Visitors to the Creation Museum will be able to view an amazing new collection of historical Bible manuscripts and artifacts in the popular Verbum Domini (“The Word of the Lord”) exhibit. Representing only a small portion of the famed Green Collection, the items in this exhibit are rotated out about every six months. “Art and the Bible,” the new display which opened yesterday, focuses on the stunning artwork to be found in biblical artifacts.
In ancient times, Christians relied on images to convey the accounts of the Bible and the deeper meaning of those accounts to people who could not read them for themselves. As more people were able to read, pictures were still used to adorn the Bible and to help people connect with the narratives on a deeper, more human level. Today, art is overwhelmingly absent from Bibles, but, for the majority of the history of Christianity, the opposite was true. The most important Bibles were the ones that were the most extensively decorated.
From the beautifully illuminated manuscripts of the Middle Ages to the intricately engraved Bibles of the 19th century, the process of illustrating the Bible is a challenge that has attracted many of the most famous artists throughout history. Though the style of the art changed depending on the time and place the Bible was made, the scenes depicted and the themes conveyed remain familiar.
Just in time for Christmas at the Creation Museum, one of the themes featured in the new Verbum Domini exhibit is the Nativity. Depicted in items spanning four centuries in Verbum Domini, museum guests can see how the subject matter of the Nativity has changed over time. Baby Jesus, Mary, and Joseph are present throughout, but early depictions of the Nativity focused on the Magi while later portrayals featured the shepherds and their animals. From hand painting to woodcut images and even prints of illustrations by Rembrandt, the Nativity comes to life in these wonderful works inside the Creation Museum.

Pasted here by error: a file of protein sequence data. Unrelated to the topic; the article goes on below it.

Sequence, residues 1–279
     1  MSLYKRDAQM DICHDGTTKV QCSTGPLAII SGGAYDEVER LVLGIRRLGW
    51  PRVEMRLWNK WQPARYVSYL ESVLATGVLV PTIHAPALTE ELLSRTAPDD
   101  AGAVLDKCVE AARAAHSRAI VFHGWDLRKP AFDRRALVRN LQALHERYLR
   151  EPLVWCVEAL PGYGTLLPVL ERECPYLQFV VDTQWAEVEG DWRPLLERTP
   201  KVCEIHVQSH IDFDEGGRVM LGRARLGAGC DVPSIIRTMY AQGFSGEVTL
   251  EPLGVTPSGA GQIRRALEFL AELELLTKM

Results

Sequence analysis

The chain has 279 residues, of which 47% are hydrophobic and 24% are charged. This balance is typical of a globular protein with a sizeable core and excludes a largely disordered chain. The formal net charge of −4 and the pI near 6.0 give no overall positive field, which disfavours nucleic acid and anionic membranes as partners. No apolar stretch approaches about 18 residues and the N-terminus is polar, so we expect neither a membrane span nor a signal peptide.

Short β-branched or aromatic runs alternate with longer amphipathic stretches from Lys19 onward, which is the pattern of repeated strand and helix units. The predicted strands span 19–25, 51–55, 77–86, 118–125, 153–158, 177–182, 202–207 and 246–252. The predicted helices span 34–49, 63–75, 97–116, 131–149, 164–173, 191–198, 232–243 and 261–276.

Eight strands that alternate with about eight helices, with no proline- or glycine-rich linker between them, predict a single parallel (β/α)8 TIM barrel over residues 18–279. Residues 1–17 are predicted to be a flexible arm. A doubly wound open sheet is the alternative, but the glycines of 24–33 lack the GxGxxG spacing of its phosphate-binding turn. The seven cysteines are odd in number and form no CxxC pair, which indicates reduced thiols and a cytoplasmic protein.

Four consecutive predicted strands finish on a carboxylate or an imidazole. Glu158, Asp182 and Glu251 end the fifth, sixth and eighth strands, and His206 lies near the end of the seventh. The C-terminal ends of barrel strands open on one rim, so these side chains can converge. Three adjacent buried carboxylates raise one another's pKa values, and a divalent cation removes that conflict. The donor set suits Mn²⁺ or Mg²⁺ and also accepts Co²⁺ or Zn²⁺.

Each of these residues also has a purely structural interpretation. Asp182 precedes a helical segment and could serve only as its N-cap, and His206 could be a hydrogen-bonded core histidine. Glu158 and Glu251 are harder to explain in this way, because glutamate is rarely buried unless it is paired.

Christ’s Crucifixion and Resurrection are central images of Christian art. The section of Verbum Domini called “Even Death on a Cross” displays articles from four countries and three different centuries. Despite the cultural and chronological differences of these works, the visitor will appreciate the depth of detail and sense of movement the artists were able to engender in their work. An especially intriguing piece is an original woodblock used to illustrate the first Arabic printing of the Gospels.
God created the universe ex nihilo (“from nothing”). What did that look like? The section “In the Beginning God Created the Heaven and the Earth” demonstrates the various ways artists have portrayed Creation. Some of the illustrators show what was formed on each day of Creation Week.
The focus of the final display in Verbum Domini recognizes how beauty is to be a component of our worship. Psalm 96:9 declares, “
O worship the Lord in the beauty of holiness: fear before Him, all the Earth.” Embracing this idea, texts used for personal devotions are often beautifully decorated. The Psalters—the devotional of choice for Christians of the Middle Ages—displayed are ornately illustrated. The Esther scrolls, used by Jews for family Scripture reading, show that this practice has continued through the ages.
In this exhibit you will see Bibles that have been illustrated by artisans from the best workshops of medieval Europe, master painters and engravers of the Early Modern period, and contemporary artists from around the world. We hope that through this exhibit, guests will be moved by the beauty and skill of the artists’ work and come to develop a renewed appreciation for the relationship between art and the Bible.
The Green family has purchased property in Washington DC and plans to construct a museum near the Capitol to showcase their collection of over 40,000 antiquities. In a few years, guests to America’s capital will have the opportunity to see one of the largest biblical exhibits in the world! In the meantime, Creation Museum guests and members can enjoy a new exhibit every six months.
Editor’s note: Portions of this article were adapted from material sent to the Creation Museum by the Green Collection.
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